We hope it goes without saying that adequate working conditions and reasonable compensation should be the bare minimum. After all, if you praise your employees for their work ethic but they have to pee in bottles because of lack of break allowances…your words are empty and will most likely backfire.
3. Appreciate Differences.
While it can be tempting to treat public displays of appreciation as a way of positively reinforcing desired behaviors, we’d like to caution against Pavloving your employees.
It can be tempting to publically praise John for working 20 hours of overtime last week and implying that the others should be stepping up their hustle game, too. While John should absolutely be commended for the way he stepped up to get the project to the client on time (along with an accompanying analysis of how this crisis can be avoided in the future), this is sending the wrong message to the group.
Instead, it’s important to recognize that everyone contributes in unique and valuable ways. Show appreciation for the diversity of perspectives and ideas they bring to the table.
Consider the “invisible” good traits that often go unrecognized.
What would happen to your company culture if owning up to mistakes was met with appreciation rather than discipline?
What if using creativity to solve a problem was celebrated and actively encouraged?
Or how about thanking an employee for their courage to point out something in the office that could be improved, and then actually taking steps to fix it?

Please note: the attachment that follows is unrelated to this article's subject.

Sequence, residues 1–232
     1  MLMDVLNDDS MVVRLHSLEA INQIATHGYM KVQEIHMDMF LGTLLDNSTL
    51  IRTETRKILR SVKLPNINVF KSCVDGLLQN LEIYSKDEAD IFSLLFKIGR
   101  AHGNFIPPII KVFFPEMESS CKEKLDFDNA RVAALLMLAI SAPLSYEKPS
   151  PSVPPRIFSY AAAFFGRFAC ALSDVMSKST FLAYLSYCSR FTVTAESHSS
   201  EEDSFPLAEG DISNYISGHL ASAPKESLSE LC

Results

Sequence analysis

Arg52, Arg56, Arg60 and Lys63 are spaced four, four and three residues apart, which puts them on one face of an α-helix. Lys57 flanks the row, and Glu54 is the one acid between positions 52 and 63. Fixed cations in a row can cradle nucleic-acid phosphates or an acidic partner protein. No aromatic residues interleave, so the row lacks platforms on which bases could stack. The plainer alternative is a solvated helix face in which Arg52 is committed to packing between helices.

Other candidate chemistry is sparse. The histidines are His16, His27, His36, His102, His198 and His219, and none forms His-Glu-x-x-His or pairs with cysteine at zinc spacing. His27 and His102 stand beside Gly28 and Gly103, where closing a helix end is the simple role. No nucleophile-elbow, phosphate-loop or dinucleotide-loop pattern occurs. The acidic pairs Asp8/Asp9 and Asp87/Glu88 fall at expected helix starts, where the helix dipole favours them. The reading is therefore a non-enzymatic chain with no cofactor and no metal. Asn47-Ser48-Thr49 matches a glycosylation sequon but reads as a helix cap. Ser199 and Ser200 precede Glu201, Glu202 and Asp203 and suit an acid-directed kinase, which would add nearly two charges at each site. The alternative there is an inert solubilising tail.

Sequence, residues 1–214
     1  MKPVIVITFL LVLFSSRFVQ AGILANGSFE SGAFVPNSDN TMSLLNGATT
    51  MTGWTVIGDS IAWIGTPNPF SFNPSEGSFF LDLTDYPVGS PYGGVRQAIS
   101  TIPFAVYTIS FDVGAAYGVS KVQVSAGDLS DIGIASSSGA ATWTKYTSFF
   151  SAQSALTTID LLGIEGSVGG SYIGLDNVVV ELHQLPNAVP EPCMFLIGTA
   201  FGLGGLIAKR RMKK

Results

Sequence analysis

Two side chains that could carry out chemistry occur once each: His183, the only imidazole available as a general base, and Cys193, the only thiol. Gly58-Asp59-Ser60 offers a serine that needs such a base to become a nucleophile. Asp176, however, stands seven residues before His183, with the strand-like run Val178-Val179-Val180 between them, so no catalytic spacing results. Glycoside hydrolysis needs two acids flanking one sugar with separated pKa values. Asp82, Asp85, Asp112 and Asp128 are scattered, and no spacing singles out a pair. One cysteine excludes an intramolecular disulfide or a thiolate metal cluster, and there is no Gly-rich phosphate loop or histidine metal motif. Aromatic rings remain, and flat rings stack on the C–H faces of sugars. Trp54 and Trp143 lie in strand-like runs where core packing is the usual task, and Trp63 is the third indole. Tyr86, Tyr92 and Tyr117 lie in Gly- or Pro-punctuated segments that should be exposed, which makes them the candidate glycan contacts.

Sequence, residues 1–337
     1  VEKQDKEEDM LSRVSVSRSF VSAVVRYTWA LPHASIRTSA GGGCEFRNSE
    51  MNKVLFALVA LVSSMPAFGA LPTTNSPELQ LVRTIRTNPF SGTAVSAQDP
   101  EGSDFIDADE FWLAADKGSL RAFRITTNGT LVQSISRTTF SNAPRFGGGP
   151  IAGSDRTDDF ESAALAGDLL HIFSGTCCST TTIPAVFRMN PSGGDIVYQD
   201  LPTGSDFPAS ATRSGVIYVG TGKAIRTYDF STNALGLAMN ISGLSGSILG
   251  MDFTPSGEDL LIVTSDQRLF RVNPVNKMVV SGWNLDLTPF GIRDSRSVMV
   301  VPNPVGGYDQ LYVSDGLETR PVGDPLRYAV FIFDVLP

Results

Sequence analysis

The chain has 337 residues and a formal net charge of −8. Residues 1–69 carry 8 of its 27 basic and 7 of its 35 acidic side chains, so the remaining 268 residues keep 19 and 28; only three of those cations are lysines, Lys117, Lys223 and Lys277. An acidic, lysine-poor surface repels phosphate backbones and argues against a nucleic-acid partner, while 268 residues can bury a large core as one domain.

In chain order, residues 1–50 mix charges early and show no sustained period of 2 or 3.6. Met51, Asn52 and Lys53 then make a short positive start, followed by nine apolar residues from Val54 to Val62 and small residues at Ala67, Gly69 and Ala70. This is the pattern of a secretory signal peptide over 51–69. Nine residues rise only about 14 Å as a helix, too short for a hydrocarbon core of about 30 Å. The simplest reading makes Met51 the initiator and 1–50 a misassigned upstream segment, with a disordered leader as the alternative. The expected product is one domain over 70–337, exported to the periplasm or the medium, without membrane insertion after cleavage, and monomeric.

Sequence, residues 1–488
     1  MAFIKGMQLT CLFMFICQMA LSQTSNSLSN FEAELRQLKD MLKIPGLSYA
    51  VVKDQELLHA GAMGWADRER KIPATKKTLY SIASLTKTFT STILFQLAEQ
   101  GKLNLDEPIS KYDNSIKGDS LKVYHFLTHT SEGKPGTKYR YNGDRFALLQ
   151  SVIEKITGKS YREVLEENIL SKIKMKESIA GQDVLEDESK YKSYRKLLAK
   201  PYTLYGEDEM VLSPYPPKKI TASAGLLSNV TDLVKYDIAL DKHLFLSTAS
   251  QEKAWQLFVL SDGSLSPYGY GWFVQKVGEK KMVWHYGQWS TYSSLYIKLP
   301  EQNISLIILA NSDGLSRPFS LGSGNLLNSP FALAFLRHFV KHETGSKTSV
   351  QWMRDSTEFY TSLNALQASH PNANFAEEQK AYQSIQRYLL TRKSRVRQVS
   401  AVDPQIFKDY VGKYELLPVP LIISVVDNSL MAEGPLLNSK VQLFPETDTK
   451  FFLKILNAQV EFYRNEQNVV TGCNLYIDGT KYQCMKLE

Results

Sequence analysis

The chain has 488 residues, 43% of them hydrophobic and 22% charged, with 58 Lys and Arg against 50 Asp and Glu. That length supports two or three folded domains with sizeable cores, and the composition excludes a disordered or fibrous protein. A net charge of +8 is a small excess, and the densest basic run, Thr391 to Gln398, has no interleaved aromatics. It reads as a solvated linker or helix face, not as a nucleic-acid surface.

Gratitude is character development, not a quick fix.
If you’re looking for a way to improve your business climate, productivity, worker retention, and satisfaction, look no further than making gratitude an all-year and not just a Thanksgiving focus.
The positive effects of gratitude are well-documented and can be easily implemented into your daily operations. Lead by example and show your team that they’re appreciated. After all – appreciative workforces perform better!
It’s more than just saying thanks.
Making the effort to show gratitude in your organization could be the catalyst for improved employee engagement and morale. And if you’re looking for even more ways to make your employees feel valued, try implementing some of these ideas into your organization:
• Offering generous benefits packages that recognize workers’ efforts
• Offering flexible hours where possible
• Implementing reward systems such as bonus schemes or recognition awards
• Holding team social activities to build relationships and foster an atmosphere of camaraderie
• Investing in training and development so employees can reach their potential
• Allowing for remote working whenever possible
• Encouraging feedback from employees
All of these things will help to create an environment where admiration and respect are the norm and employees feel valued and appreciated. So start mindfully practicing gratitude when you return to the office on Monday, and see how it can change your team dynamics.